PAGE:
http://uk.youtube.com/watch?v=Wh4OlRf1P8U
I'm Swedish.
That kind of pole movements are perfect for that kind of skiing. I think that it's not necessary to plant the poles that firm while carving. First the position is lower, second carving is probably faster. Planting the poles that way will likely upset your upper body.

Here's something perhaps? Pole planting lessons with mr Bode.
http://www.youtube.com/watch?v=2KAtSx0SnPs
post #21 of 30
Thread Starter 
Quote:
Originally Posted by tdk6 View Post
marmout mb, I remember you from last year, boy are you rippin now . How do you feel yourselfe? I think that looks fantastic. Great progress even though this is on slightly different terrain.

No, your poles are not too long but you keep pointing them forwards and that makes them look short and like you need to be reaching down. Same problem as you had last year. Also they keep bouncing off the snow. Check out HH's pole plant drills, you need first to drop the pole plant completely out of your skiing and bring it back in in a proper manner.
Missed your comment, your input has been beneficial in the past. Thanks for the compliment.

How do I feel myself?

To be honest I feel out of balance nearing the end of the turns. I feel akward making the begining of the next turn ( initiating it, again out of balance till the edges hook in) and I feel way too squated down and over.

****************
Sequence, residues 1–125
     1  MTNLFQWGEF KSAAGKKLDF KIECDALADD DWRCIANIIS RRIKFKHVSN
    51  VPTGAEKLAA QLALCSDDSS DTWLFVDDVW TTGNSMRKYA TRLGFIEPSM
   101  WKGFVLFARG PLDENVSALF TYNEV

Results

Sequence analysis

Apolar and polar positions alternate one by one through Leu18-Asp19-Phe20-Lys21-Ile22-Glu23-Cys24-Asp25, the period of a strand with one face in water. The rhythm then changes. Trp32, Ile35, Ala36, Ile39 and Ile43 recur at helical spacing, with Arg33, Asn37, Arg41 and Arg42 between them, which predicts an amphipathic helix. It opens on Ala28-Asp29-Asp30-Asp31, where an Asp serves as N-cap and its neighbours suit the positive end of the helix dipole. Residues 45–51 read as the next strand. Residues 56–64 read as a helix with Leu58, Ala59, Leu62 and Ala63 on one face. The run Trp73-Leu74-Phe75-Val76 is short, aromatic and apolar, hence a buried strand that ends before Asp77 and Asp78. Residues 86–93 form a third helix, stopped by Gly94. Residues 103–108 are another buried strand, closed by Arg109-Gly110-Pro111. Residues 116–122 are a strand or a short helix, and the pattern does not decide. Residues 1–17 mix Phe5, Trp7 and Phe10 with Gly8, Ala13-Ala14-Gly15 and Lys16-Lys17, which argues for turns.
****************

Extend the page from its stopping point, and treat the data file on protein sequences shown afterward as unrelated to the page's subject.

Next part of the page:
I also feel so mechanical or robotic at the end of the turns, but this video shows I am not keeping my shoulders square to the fall line enough, which I think hurts the downhill ski weighting.

As always lots of great stuff for me from this thread I can't wait to get back out practice and make another vid.
post #22 of 30
The poles are a bit out of control, but I think that point reached home.

Also you are trying very hard to get high edge angles, but you develop the outside edge angle by A-framing over a highly engaged (and diverging) inside ski. Thus you never really get early edge engagement and your carving is not very precise through much of the turn. As Ron indicated, get an early outside edge engagement, but do not use the inside ski to "help you turn". Initially do not use the inside ski much at all, to get a feel for a solid outside edge.
post #23 of 30
Thread Starter 
Quote:
Originally Posted by TomB View Post
The poles are a bit out of control, but I think that point reached home.